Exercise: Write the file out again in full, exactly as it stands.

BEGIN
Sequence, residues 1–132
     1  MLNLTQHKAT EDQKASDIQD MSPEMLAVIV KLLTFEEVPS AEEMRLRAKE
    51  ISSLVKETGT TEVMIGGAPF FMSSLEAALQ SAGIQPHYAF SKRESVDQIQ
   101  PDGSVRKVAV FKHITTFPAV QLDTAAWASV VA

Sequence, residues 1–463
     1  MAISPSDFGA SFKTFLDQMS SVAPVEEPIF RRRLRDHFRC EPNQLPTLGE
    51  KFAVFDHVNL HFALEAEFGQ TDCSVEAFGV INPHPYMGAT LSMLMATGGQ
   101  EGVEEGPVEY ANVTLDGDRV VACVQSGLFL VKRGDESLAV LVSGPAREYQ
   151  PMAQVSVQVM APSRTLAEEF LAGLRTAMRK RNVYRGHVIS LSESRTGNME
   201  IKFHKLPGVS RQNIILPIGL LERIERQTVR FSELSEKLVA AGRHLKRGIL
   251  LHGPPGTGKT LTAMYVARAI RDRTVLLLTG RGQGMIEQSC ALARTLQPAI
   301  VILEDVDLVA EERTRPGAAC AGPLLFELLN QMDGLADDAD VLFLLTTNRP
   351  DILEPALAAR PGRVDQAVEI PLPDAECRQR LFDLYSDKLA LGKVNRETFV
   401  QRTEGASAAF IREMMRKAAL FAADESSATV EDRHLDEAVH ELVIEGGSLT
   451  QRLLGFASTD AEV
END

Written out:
Sequence, residues 1–132
     1  MLNLTQHKAT EDQKASDIQD MSPEMLAVIV KLLTFEEVPS AEEMRLRAKE
    51  ISSLVKETGT TEVMIGGAPF FMSSLEAALQ SAGIQPHYAF SKRESVDQIQ
   101  PDGSVRKVAV FKHITTFPAV QLDTAAWASV VA

Sequence, residues 1–463
     1  MAISPSDFGA SFKTFLDQMS SVAPVEEPIF RRRLRDHFRC EPNQLPTLGE
    51  KFAVFDHVNL HFALEAEFGQ TDCSVEAFGV INPHPYMGAT LSMLMATGGQ
   101  EGVEEGPVEY ANVTLDGDRV VACVQSGLFL VKRGDESLAV LVSGPAREYQ
   151  PMAQVSVQVM APSRTLAEEF LAGLRTAMRK RNVYRGHVIS LSESRTGNME
   201  IKFHKLPGVS RQNIILPIGL LERIERQTVR FSELSEKLVA AGRHLKRGIL
   251  LHGPPGTGKT LTAMYVARAI RDRTVLLLTG RGQGMIEQSC ALARTLQPAI
   301  VILEDVDLVA EERTRPGAAC AGPLLFELLN QMDGLADDAD VLFLLTTNRP
   351  DILEPALAAR PGRVDQAVEI PLPDAECRQR LFDLYSDKLA LGKVNRETFV
   401  QRTEGASAAF IREMMRKAAL FAADESSATV EDRHLDEAVH ELVIEGGSLT
   451  QRLLGFASTD AEV